Help and advice when visiting funeral directors

(7 Posts)
Iseeall Mon 08-Apr-13 16:15:47

Dad died last week. Mum and I are going to make the funeral arrangements tomorrow can anyone help with advice.
Dad is/was lapsed catholic and wanted to be cremated.
What would the order of service be. I'm thinking organist playing as the coffin goes in, priest, prayers, a piece of music my dad wanted at his funeral, more prayers/or the priest saying more and organ music at the end. Does this sound right.

Any advice on the proceeding would be welcome, prayers hymns etc.

thanks

DonkeysDontRideBicycles Mon 08-Apr-13 17:22:55

I am so sorry to hear of your loss.

My sister and I picked one of our mum's favourite songs a recording of which was played as we walked out before the coffin was moved.

It was such a blur organising both parents' funerals - neither was a member of a particular church - but any anecdote or favourite reading really personalises it. A couple of big photos, (one recent one from teens) in frames were positioned at the front. A recent service I attended, a particular flower was handed out with each hymn book, of special significance to the bereaved in connection with the deceased.

We had a wake afterwards on both occasions and it sounds like micro managing but DH printed copies of a little map showing directions so mourners knew where to go.

A mix up with instructions meant the ashes were scattered early next day by crematorium staff unwitnessed by any family. Sorry if imagining this distresses you but it was an extra upset which could have been averted.

Really sorry to hear of your loss.

I'm C of E clergy so I go to a lot of funerals and you work out the order of service with the person who is taking the service but what you have already would work. Think about the music you would like going into the crematorium and coming out. An organist is a good idea but most crematoria have the Wesley system so you can have just about any music you want. Maybe have a more upbeat piece at the end? My FinL had the theme for test match special which made everyone smile as he was such a cricket fan.

A piece of music that your dad liked in the middle is a really good idea rather than hymns which people don't feel up to singing anyway. You might want to look out a good picture of your father for the front of the order of service. When my FinL died we found one of him laughing which was lovely after all the stress and pain he had been in during his final illness.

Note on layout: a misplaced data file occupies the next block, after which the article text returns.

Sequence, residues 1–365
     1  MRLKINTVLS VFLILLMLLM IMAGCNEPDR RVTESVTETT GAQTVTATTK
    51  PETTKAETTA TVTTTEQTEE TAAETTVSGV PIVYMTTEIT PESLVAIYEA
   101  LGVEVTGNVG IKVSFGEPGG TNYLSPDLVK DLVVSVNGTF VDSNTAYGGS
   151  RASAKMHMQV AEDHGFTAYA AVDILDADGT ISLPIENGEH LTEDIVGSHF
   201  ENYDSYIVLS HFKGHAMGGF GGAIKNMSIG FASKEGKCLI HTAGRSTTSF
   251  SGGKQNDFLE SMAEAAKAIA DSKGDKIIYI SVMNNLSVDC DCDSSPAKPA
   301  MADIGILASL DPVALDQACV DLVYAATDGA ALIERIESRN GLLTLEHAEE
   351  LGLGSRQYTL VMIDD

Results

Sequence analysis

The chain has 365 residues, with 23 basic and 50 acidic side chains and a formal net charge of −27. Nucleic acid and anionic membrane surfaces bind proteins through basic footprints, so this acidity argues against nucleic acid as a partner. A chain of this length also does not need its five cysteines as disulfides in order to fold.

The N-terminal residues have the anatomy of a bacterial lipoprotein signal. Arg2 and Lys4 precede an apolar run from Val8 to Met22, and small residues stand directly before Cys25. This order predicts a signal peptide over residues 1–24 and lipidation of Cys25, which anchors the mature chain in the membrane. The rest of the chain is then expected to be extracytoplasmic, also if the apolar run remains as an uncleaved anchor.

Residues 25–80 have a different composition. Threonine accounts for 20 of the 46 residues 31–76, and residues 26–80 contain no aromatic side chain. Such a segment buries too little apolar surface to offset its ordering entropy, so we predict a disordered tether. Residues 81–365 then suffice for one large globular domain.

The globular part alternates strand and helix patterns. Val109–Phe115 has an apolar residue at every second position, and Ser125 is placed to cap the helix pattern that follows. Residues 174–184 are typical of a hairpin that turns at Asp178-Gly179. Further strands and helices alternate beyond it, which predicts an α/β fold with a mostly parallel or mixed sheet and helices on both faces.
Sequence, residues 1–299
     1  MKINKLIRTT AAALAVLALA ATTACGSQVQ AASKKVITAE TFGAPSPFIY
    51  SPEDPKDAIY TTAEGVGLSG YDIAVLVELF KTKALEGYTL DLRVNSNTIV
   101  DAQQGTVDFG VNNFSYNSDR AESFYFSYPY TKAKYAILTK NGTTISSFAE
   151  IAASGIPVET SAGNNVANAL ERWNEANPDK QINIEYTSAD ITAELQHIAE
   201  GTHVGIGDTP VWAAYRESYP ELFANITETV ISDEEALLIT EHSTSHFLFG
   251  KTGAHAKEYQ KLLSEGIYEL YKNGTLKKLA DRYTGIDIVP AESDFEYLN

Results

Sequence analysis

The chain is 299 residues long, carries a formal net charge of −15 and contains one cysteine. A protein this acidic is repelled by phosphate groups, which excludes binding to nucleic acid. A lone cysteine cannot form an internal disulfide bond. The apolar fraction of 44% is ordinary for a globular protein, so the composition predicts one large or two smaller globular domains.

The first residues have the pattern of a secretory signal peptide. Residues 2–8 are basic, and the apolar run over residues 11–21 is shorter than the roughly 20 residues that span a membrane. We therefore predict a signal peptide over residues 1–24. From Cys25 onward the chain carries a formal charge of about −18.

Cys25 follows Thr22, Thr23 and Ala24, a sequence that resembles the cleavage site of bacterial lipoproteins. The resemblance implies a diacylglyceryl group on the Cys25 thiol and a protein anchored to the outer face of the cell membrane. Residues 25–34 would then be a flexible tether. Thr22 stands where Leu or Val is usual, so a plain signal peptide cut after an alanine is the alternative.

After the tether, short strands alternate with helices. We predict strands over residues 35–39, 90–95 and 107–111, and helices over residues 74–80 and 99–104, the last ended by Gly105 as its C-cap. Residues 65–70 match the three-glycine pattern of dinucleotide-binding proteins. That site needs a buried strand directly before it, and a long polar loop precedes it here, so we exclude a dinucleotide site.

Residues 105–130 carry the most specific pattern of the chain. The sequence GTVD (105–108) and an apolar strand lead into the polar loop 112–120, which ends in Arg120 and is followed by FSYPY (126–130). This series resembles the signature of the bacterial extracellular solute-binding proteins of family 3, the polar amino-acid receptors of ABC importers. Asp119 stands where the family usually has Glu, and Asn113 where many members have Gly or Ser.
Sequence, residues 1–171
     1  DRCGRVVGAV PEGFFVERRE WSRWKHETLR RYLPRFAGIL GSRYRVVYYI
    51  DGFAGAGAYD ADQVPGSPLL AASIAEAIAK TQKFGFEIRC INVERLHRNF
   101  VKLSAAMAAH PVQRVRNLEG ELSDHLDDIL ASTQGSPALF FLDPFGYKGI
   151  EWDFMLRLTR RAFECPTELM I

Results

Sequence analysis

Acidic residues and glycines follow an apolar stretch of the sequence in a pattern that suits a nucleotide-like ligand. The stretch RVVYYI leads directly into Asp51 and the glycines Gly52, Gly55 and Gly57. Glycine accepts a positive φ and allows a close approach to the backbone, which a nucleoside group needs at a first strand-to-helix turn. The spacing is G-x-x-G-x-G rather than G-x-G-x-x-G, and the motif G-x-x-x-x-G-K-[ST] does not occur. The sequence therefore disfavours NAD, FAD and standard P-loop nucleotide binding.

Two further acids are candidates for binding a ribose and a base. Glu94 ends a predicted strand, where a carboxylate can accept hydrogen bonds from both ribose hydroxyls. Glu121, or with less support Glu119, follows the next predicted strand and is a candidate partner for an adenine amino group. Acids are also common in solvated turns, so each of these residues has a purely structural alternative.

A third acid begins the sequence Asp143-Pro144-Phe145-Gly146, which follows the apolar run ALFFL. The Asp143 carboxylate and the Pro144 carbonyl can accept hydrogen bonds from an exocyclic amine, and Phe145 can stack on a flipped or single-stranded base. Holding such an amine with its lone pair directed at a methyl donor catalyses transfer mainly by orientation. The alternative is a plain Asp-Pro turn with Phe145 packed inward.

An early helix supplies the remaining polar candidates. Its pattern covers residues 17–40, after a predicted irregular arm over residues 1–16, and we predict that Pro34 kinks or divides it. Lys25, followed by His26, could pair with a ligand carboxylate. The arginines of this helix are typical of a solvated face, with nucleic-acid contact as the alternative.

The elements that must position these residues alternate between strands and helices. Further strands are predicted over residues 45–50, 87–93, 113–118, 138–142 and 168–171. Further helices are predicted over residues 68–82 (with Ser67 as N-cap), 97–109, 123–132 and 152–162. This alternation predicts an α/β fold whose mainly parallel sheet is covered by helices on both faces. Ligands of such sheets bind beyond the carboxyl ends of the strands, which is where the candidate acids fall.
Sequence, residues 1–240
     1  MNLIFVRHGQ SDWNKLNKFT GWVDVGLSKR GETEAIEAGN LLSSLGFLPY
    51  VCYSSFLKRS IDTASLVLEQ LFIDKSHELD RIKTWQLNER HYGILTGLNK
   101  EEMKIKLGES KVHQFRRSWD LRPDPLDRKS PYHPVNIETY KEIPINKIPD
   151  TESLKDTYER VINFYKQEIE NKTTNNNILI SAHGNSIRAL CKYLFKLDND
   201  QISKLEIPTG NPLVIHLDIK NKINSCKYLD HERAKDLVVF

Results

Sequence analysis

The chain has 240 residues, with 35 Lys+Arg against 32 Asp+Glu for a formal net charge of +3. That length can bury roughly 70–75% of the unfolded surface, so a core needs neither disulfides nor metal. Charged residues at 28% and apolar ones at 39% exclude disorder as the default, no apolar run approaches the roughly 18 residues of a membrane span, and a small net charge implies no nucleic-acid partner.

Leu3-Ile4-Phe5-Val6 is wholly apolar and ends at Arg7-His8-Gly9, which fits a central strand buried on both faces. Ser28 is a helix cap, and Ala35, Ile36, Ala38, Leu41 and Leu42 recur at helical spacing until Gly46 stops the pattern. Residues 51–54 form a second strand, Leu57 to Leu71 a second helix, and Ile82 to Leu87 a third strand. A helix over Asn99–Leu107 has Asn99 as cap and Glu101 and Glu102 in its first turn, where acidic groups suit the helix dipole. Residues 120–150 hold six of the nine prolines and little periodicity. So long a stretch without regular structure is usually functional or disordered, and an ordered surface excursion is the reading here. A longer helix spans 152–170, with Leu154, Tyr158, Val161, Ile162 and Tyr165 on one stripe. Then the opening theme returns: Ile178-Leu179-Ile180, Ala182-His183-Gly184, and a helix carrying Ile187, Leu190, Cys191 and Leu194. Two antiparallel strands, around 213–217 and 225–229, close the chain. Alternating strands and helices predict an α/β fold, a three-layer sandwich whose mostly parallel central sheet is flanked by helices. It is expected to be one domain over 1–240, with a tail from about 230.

My main piece of advice would be to think very carefully about reading anything yourself whether that is a tribute or a poem. People put themselves through a lot of pressure to do this and unless you feel you really have to do this - and some people do - then find someone in the family or a friend to do the readings on your behalf if you want them.

I'll get some resource sites and put them in the next post.

This is a hugely difficult time for you. Be gentle with yourself and ask for help if you need it.

http://www.lastingpost.com/pa/pa_readings_db.php

http://www.poemhunter.com/poems/funeral/

Hope this helps

Iseeall Mon 08-Apr-13 18:44:37

Many thanks for the replies.
I think the maps from the crematorium to the house afterwards is a good idea as most people attending are not from the area.
I have had a quick look at lastingpost and it seems very useful. Will look at it in full later this evening.

LouiseSmith Tue 09-Apr-13 21:41:29

A song my grandfather had was westlife - Ill see you again.

Sorry for your loss.

MERLYPUSS Wed 10-Apr-13 09:47:34

We had a Humanist funeral for my young uncle. We had no religous songs or prayers but a they played Always Wear Sunscreen as that reflected his youth. He was cremated adn his 'going out' song was a rock and roll legend. No spreading of ashes either as it was felt it would be a place that needed tending to that was unecessary. We then went for Pizza.

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